PARIS – I have in my worn files a photo of Guy Savoy that I took in 1981, a year after he opened his first restaurant. Lean, black bearded, smiling as ever, he’s cooking with two young assistants in his then eponymous restaurant on Rue Duret in the 16th arrondissment. My notes say ” Savoy may have something here. He’s not just another fresh-faced kid making a splash.” In a subsequent interview he noted: I don’t pour over the kitchen, testing and re-testing. When dishes come, they come out right the first time. I think of things to make on my way back from the market in my truck.”
Then, I was wowed by his warm duck salad on a bed of wilted spinach and a touch of foie gras, and his always outstanding millefeuille, reflecting his formal training as a pastry chef. Savoy had no Michelin stars at the time, but certainly was on his way to one.
At the same time, one of the hottest tables in town was Chiberta, a streamlined Art Deco restaurant with lots of glamour and trendy nouvelle cuisine, as well as simple straightforward fare as a summer orange and strawberry soup with fresh mint.
Today, the Guy Savoy-Chiberta routes meet, as Savoy – with three Michelin stars at the restaurant that bears his name in the 17th -- adds restaurant Chiberta to his growing repertoire in Paris and soon, Las Vegas.
Many young French chefs complain that the days in which unknowns can open a small, family-owned restaurant and make a success of it – as did Savoy in 1980 -- are over. They also complain that unless you are or have worked with a Ducasse, a Robuchon, a Savoy or a Pourcel, your future is dim indeed. The truth of this is yet to be seen, but it’s clear that restaurant power is being condensed into a smaller and smaller group, with little room for the little guy to install, grow, and flourish.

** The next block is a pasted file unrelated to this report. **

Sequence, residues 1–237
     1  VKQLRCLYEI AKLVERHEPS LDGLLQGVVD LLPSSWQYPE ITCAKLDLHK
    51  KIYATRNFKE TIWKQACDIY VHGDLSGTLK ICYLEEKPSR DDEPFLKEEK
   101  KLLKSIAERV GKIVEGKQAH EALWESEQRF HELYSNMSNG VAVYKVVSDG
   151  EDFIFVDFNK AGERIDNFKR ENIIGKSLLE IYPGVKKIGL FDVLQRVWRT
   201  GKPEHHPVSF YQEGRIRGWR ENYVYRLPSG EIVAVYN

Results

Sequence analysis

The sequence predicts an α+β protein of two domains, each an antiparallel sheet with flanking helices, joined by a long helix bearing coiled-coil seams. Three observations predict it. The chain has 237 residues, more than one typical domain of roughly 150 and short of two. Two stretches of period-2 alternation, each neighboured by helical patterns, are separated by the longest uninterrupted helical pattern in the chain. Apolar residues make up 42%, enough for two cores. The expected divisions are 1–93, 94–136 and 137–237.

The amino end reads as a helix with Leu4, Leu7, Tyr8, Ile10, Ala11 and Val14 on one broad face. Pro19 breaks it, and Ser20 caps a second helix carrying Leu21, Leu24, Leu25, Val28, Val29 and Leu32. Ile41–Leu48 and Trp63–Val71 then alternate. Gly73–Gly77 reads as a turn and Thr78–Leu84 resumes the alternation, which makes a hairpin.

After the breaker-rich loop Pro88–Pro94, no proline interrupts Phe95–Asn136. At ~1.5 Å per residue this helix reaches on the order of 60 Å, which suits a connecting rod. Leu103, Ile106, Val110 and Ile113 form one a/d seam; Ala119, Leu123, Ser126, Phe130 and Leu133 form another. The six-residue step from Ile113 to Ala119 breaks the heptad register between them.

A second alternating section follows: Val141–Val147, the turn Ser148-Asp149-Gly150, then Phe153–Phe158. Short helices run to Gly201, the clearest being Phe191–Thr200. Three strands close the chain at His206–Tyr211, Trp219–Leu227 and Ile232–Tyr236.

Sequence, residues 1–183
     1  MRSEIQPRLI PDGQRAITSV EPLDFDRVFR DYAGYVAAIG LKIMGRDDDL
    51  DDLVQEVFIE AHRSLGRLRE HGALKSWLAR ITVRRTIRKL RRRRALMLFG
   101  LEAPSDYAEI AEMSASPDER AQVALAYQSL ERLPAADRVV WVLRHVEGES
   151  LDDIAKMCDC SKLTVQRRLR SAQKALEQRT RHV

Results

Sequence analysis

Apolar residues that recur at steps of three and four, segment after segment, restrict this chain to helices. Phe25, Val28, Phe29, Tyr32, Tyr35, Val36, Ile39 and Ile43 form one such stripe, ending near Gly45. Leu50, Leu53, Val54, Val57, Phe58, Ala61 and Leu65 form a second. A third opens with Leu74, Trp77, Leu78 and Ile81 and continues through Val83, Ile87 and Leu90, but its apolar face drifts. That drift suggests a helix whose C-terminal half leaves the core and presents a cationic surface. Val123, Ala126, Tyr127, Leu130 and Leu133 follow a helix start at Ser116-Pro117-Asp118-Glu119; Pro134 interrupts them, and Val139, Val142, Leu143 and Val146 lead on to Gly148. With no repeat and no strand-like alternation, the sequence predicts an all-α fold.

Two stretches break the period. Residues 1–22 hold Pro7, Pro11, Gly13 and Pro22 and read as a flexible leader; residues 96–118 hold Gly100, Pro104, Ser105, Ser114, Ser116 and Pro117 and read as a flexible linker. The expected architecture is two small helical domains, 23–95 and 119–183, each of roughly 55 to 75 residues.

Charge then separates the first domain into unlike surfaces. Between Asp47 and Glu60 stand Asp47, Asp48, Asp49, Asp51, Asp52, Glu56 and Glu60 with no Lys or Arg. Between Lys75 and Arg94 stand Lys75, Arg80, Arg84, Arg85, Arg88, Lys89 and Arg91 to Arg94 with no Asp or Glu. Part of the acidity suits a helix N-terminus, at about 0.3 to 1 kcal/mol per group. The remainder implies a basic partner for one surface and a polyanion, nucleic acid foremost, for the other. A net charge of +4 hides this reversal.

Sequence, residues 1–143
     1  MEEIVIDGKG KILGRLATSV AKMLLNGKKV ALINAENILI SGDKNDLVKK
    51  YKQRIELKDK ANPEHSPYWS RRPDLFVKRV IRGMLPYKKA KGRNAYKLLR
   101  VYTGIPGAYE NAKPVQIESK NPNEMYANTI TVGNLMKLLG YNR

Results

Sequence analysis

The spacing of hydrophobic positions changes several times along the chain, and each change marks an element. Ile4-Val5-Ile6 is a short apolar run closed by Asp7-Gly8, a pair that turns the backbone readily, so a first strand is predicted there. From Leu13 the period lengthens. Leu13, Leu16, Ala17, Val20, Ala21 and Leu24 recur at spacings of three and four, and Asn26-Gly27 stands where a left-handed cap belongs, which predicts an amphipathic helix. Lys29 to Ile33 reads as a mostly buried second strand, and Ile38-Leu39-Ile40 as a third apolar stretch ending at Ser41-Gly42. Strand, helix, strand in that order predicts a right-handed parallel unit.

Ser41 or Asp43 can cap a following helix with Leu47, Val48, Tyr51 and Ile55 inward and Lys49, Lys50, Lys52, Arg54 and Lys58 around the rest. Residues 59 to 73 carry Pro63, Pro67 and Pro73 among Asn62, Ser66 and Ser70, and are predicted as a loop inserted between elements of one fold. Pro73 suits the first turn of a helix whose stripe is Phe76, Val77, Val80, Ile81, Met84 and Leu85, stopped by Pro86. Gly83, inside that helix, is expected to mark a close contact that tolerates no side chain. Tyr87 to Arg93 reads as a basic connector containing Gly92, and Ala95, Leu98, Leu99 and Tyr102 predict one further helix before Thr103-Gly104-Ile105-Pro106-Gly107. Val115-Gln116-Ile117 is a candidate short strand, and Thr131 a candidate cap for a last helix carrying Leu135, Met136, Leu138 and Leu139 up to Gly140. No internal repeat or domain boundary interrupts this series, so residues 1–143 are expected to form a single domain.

If you go to Chiberta – totally redone and still glitzy in stark black, white, and red – you’ll no doubt meet Franck Savoy, Guy’s only son, and the spitting image of the little guy who began his climb back in 1980. Franck is in the dining room and will soon move to Las Vegas to direct the restaurant there.
But back at Chiberta, the place has regained the glamour and the popularity it had in years back, and since its opening in late August, its been playing to a packed house.
I am not sure that Savoy still drives his truck back from the market every day, but he’s dreaming up new ideas every day, as the new menu shows. There are, as always, his signature touches of green, brilliant use of unusual bowls and dishes, and an overall feeling of freshness. The staff is as accommodating as ever, and seems to actually love being in the restaurant.
We loved specials of the day that included a stunning wild mushroom soup, rich, creamy, elegant, just the sort of dish to escort you from the sunny summer days of tomato, eggplant and zucchini into autumnal wild mushrooms, leeks, and potatoes. Equally luscious was the platter of perfectly seared girolles mushrooms. I loved my rare-roasted pigeon, cut open down the back and seared “en crapaudine,” paired with an unusual but successful accompaniment of green beans tossed with a creamy mix of pigeon liver. We’re at the height of the French fig season, and warm figs with almond ice cream were better than an icing on a cake.
Wines here are reasonably priced with an excellent 28 € white Côtes-du-Rhone from Domaine de la Janasse, the 2003 a fine southern Rhone with plenty of verve, fruit and acidity.
But even more stunning was the Domaine d’Aupilhac “Les Cocalieres,” 2002, winemaker Sylvain Fadat’s remarkably open, fruity, and lush red from young grapes, honestly priced at 48 euros.
3, rue Arsène Houssaye
Telephone 01 53 53 42 00
Fax: 01 45 62 85 08
All major credit cards. Closed Saturday lunch and Sunday. A la carte, 55 to 70 euros, including service but not wine.